Cuba May Day rally defends embattled Latin American left

Havana (AFP) - Hundreds of thousands of Cubans marched Sunday in the country's annual May Day rally, which condemned a campaign to "destabilize" leftist governments around Latin America.

The communist island traditionally holds enormous, festive demonstrations to mark International Workers' Day, which this year comes at a turbulent time for the left-leaning governments that have dominated the Latin American political scene for more than a decade.

"This May 1 is also a day to condemn the maneuvers aimed at... reversing the gains achieved in social policy in our America and destabilizing the leftist and progressive governments in power," keynote speaker Ulises Guilarte, the secretary general of the Workers' Central Union of Cuba, told a massive crowd on Revolution Square in Havana.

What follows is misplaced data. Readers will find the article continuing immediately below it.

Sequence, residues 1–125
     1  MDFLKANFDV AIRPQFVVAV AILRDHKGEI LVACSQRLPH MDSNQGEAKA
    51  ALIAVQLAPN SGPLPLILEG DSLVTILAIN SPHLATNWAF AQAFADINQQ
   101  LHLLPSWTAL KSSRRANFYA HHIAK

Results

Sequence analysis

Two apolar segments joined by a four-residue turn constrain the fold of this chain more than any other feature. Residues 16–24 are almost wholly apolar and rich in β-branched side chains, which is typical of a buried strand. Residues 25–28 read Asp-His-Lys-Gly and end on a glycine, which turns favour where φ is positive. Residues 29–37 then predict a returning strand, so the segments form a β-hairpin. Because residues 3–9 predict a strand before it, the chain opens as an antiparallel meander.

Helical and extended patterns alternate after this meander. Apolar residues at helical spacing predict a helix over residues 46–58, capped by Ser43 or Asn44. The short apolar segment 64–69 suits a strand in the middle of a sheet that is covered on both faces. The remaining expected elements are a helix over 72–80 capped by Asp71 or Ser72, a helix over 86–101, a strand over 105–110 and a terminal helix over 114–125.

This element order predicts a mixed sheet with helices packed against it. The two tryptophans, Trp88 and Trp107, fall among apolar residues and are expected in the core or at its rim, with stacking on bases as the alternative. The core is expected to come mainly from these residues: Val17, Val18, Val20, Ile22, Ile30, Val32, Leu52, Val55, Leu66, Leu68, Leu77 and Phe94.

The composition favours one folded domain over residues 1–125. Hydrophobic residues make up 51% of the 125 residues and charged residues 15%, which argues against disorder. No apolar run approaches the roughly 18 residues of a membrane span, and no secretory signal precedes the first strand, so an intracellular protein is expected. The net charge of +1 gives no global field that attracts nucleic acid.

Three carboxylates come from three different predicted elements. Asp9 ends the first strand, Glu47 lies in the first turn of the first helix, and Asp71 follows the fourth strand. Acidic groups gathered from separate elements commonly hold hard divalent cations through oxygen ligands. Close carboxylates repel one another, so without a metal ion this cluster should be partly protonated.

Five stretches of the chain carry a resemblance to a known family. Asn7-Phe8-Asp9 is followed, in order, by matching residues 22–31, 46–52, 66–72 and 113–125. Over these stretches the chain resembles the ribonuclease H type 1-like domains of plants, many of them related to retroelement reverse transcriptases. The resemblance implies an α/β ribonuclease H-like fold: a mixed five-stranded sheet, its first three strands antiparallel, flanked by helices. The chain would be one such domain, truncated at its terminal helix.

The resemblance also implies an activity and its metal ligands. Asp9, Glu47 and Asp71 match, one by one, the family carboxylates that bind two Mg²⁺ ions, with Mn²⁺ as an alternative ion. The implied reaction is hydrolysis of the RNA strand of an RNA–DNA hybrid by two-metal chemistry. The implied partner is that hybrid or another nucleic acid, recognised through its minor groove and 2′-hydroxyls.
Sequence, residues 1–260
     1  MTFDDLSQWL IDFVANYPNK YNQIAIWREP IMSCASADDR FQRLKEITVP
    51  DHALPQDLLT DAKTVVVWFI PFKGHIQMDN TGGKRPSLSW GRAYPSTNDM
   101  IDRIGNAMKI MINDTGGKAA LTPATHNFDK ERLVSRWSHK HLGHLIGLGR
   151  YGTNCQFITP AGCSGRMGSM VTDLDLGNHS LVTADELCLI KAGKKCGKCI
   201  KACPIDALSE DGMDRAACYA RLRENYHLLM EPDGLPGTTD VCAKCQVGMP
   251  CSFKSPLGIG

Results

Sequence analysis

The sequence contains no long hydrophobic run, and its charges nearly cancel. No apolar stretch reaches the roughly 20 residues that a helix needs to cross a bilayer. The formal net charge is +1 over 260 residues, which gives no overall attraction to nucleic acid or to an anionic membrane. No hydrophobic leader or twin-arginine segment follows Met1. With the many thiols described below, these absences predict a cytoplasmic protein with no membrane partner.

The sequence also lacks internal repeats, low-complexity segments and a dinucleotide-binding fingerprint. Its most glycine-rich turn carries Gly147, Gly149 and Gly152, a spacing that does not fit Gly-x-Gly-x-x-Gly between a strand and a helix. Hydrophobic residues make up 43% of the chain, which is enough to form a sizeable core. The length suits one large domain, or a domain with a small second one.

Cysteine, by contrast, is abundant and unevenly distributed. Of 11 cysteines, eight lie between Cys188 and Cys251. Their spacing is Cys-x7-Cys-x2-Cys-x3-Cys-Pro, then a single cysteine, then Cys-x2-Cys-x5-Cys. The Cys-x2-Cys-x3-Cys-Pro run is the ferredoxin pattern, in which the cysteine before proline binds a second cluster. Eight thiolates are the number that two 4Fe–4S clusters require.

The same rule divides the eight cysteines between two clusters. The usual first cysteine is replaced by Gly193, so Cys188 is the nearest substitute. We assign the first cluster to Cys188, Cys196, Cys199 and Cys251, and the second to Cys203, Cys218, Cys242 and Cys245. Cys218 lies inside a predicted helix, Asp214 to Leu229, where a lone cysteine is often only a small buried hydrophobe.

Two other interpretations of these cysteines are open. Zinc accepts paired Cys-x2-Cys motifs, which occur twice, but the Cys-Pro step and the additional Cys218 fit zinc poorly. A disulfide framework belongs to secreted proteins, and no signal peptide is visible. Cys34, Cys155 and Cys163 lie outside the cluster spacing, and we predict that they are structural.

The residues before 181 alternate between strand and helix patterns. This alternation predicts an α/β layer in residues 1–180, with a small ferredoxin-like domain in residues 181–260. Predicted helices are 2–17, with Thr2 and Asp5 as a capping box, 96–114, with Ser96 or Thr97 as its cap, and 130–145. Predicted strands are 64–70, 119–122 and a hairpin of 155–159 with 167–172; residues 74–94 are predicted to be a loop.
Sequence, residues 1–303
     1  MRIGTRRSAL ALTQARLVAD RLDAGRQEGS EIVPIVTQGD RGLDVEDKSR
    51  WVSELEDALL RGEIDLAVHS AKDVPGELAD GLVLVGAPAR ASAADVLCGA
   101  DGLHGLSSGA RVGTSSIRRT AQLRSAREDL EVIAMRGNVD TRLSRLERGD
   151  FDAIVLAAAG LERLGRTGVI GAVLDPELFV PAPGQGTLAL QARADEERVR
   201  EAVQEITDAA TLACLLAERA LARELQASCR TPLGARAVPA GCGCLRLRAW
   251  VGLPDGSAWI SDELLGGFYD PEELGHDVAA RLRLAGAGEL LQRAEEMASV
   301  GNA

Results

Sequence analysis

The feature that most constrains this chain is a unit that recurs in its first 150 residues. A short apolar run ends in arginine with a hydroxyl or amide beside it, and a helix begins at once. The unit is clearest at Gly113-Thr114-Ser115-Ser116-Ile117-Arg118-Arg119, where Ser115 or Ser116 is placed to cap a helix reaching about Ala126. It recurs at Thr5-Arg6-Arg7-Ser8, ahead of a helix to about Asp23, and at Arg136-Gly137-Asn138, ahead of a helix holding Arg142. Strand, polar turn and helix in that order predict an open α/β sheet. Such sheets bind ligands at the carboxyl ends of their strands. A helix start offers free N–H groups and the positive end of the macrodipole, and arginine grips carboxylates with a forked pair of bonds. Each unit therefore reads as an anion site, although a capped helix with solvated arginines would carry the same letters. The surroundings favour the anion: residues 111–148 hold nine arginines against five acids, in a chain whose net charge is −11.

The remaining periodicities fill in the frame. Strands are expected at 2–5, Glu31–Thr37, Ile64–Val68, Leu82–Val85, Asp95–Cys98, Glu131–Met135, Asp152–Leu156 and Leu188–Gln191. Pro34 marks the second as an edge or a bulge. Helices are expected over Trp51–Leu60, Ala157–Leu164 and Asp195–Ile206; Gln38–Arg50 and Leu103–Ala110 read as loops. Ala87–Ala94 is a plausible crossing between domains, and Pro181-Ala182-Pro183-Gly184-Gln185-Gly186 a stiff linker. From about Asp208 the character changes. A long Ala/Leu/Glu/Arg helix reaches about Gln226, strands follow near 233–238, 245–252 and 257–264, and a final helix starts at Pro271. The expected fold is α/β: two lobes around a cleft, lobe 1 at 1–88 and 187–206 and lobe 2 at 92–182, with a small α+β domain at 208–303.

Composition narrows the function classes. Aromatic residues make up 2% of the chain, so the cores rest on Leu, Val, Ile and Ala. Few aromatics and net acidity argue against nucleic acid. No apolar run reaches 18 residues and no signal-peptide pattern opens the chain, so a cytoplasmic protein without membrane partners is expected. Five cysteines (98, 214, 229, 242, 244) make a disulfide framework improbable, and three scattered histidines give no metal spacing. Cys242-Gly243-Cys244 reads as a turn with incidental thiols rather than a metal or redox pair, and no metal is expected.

As examples, he cited Brazil, where President Dilma Rousseff is facing impeachment proceedings she condemns as a "coup"; Bolivia, where President Evo Morales recently lost a referendum to allow him a fourth term amid a scandal over whether he fathered a love child; and Venezuela, where President Nicolas Maduro's opponents are seeking to oust him in a recall referendum.

The leftist parties that have governed most of Latin America since the 2000s have stumbled lately as the region's economies have slowed.

The left recently suffered election defeats in Argentina, where conservative President Mauricio Macri won office in November, and Venezuela -- Cuba's key regional ally -- where the ruling Socialists lost the legislature by a landslide in December.

Cuban President Raul Castro presided over the rally on the capital's iconic square, which state media said drew 600,000 people.

Guilarte also repeated Castro's call for the United States to lift its more than half-century embargo on Cuba and return the "illegally occupied territory" of the US naval base at Guantanamo Bay, major sticking points in the old Cold War foes' rapprochement.